Gait asymmetry and a high incidence of lower back pain are often typical for people with unilateral lower-limb amputations. While a common therapeutic objective is to improve gait symmetry, it is unknown whether better gait symmetry would reduce lower back pain risk. To begin investigating this clinical question, researchers examined a preexisting dataset to explore whether L5/S1 vertebral joint forces in people with unilateral lower-limb amputations can be improved with better symmetry.
L5/S1 compression and resultant shear forces were estimated in each of the five participants with a lower-limb amputation with an OpenSim musculoskeletal model during different levels of guided gait asymmetry. The amount of asymmetry was defined by bilateral stance times and guided via real-time feedback.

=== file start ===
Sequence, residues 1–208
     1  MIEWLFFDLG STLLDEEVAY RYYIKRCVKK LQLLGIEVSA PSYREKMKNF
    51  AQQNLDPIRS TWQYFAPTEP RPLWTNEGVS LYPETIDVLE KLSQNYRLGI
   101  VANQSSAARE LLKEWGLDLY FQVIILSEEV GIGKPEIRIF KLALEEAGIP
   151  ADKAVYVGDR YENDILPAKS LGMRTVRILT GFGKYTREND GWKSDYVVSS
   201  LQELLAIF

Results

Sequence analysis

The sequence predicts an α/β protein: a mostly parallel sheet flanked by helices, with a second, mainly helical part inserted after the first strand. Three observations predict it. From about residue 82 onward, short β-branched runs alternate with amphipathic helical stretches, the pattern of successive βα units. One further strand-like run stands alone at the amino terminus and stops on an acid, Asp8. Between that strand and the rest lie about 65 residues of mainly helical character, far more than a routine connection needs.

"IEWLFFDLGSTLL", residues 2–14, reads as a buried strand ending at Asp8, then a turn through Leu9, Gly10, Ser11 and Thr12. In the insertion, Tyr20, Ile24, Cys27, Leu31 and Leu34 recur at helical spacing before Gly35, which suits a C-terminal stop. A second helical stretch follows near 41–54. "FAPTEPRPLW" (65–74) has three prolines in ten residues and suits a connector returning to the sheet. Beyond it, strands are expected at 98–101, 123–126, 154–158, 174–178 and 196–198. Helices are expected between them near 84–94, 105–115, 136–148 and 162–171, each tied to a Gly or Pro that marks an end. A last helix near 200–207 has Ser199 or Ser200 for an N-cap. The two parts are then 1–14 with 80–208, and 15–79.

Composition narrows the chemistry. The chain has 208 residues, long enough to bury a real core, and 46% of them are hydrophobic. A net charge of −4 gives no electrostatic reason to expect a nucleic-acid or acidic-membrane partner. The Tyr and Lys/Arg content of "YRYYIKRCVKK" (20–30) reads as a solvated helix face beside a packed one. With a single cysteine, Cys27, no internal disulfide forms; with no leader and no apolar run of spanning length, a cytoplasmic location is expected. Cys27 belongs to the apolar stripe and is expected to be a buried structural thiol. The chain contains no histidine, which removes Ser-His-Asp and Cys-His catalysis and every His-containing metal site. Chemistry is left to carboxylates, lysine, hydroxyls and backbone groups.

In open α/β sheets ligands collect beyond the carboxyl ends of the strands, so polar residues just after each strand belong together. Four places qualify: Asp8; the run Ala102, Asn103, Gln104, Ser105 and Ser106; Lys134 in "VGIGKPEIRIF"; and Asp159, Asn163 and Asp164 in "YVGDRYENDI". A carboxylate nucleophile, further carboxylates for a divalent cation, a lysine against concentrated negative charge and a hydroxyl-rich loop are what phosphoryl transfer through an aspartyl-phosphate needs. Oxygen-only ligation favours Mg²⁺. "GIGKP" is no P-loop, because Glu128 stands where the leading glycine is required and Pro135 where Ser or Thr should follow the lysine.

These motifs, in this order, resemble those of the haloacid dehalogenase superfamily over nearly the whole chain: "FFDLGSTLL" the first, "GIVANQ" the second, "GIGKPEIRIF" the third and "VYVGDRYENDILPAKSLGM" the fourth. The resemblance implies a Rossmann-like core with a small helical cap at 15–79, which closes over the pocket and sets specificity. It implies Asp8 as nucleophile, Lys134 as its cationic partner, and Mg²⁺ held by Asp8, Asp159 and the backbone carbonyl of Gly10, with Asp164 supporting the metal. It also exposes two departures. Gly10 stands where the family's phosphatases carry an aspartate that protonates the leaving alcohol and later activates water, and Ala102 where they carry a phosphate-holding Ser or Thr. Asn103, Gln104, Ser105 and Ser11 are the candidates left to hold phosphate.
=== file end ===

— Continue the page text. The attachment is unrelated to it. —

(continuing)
The forces found at the theoretical lowest force and during the 0 percent asymmetry level were compared to forces at preferred levels of asymmetry and to those from an able-bodied group of five individuals.
Results of the study indicated that the forces for the people with unilateral lower-limb amputation group at the preferred level of asymmetry were not different then at their 0 percent asymmetry condition, theoretical lowest L5/S1 forces, or the able-bodied group.
Their preliminary results challenged the premise that restoring symmetric gait in people with unilateral lower-limb amputation could reduce risk of lower back pain, the researchers concluded.
The study, “Are lower back demands reduced by improving gait symmetry in unilateral transtibial amputees?,” was published in the journal Clinical Biomechanics.